She applied the “Page 99 Test” to her new book, The Trials of Laura Fair: Sex, Murder, and Insanity in the Victorian West, and reported the following:
The Trials of Laura Fair explores Laura Fair’s shooting of her married lover AP Crittenden in 1871 and the subsequent courtroom hearings held to determine her fate. Upon Crittenden’s death, Laura immediately attained national notoriety. The press published stories of her infamous past, often with their own imaginary salacious details. The nation was outraged; except for leading suffrage advocates who adamantly supported her, most of the public and the press demanded her death. Her explanation that she was temporarily insane when she fired the pistol due to a painful and irregular menstrual cycle appeared to most to be ludicrous at best. Thus, while the defense hoped to make her trials about the medical condition of menstruating women, the prosecution attempted to prove that she was nothing more than a loose woman whose reputation alone proved she should be hanged.Learn more about The Trials of Laura Fair at the University of North Carolina Press website.
Page 99 situates the story in the first of the two trials. The defense has recalled to the witness stand Dr. John Trask. They hope he will convince the jury that serious “female problems” excused her murderous behavior. Trask has taken the stand following the extensive examination of their first medical expert, Dr. Benjamin Lyford. Unfortunately for the defense, Lyford did little but confuse the courtroom by his pretentious testimony and raised serious questions about whether he actually possessed any medical training or a degree. In addition, Lyford’s disdain for the court and his failure to return to the stand due to his own supposed medical problems hardly won over a skeptical press or public.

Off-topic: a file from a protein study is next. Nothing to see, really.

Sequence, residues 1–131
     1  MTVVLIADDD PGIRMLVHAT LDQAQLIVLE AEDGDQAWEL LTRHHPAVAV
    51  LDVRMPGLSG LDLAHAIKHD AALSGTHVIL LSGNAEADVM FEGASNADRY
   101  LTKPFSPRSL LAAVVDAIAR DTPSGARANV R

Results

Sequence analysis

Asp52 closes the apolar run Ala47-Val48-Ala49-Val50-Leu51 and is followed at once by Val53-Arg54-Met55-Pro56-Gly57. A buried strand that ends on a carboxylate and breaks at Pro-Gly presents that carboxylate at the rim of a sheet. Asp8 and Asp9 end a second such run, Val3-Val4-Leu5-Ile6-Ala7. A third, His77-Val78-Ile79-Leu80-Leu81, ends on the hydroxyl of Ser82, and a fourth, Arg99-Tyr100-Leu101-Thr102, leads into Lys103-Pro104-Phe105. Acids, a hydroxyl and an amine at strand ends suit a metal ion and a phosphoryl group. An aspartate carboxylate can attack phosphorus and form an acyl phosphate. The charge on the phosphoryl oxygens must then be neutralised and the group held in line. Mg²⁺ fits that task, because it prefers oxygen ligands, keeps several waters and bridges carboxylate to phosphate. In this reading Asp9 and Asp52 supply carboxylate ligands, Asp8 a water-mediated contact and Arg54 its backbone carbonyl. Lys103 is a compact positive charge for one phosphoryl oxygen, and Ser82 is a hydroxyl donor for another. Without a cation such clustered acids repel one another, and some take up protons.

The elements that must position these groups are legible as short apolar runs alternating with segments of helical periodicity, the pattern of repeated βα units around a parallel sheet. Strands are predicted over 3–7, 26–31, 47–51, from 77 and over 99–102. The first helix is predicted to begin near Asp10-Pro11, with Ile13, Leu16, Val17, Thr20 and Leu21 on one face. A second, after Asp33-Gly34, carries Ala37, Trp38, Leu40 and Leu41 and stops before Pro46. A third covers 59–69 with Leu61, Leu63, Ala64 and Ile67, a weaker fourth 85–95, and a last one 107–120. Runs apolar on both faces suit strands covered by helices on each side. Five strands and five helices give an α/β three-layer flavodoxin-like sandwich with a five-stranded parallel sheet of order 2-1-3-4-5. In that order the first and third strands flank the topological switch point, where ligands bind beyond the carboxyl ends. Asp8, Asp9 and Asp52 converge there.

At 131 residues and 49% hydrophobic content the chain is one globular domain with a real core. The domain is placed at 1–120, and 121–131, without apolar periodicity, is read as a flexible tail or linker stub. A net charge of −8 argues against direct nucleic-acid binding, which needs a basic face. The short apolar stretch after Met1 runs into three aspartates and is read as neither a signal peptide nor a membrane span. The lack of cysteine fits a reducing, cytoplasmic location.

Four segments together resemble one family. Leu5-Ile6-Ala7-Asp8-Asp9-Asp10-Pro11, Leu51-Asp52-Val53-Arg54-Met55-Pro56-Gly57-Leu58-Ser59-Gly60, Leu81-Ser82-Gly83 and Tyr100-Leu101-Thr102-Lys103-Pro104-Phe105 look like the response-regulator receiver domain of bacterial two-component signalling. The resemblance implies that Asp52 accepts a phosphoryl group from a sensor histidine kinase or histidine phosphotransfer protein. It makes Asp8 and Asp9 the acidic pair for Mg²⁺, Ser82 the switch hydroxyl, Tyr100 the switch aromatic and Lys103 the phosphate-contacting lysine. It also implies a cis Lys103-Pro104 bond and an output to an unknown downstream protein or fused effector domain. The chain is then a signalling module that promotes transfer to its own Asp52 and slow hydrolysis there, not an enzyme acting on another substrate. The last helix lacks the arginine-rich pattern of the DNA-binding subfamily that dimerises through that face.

Thus, while Trask was able to explain Laura’s supposed symptoms in far more understandable terms, the state of the medical profession and the confusion over definitions of insanity negated much of the testimony. Although in the second trial, such issues would take center stage, as page 99 reveals, initially, the prosecution was able to dismiss such testimony and focus the hearing squarely on Laura’s “loose behavior” and ruined reputation.
So page 99 tells part of the story. Although the two trials eventually had radically different outcomes, the question of insanity and the impact of female physiology do play central parts in the drama. But the trials also became forums for discussing the leading issues of the day including free love, suffrage, the unwritten law, middle-class reputation, and the gendered nature of American courts. Moreover, as the final chapters of the book reveal, well after the final verdict, and even after her death, the story of Laura Fair was repeatedly told and reinterpreted. Over the course of a century, she became a colorful symbol on which to place ever-changing beliefs about the nature of ‘bold’ Victorian women who dared to claim their place in the American West.
Carole Haber is professor of history and dean of the School of Liberal Arts at Tulane University.
My Book, The Movie: The Trials of Laura Fair.